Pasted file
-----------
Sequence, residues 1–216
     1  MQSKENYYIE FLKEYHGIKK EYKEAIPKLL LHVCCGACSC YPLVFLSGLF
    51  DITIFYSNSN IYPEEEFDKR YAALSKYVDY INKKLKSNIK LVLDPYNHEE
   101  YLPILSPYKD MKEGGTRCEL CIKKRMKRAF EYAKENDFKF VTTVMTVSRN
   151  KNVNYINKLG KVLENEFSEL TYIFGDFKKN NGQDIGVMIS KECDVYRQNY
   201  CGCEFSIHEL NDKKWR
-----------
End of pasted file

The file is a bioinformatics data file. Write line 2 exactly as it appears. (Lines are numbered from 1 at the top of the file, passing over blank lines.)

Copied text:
     1  MQSKENYYIE FLKEYHGIKK EYKEAIPKLL LHVCCGACSC YPLVFLSGLF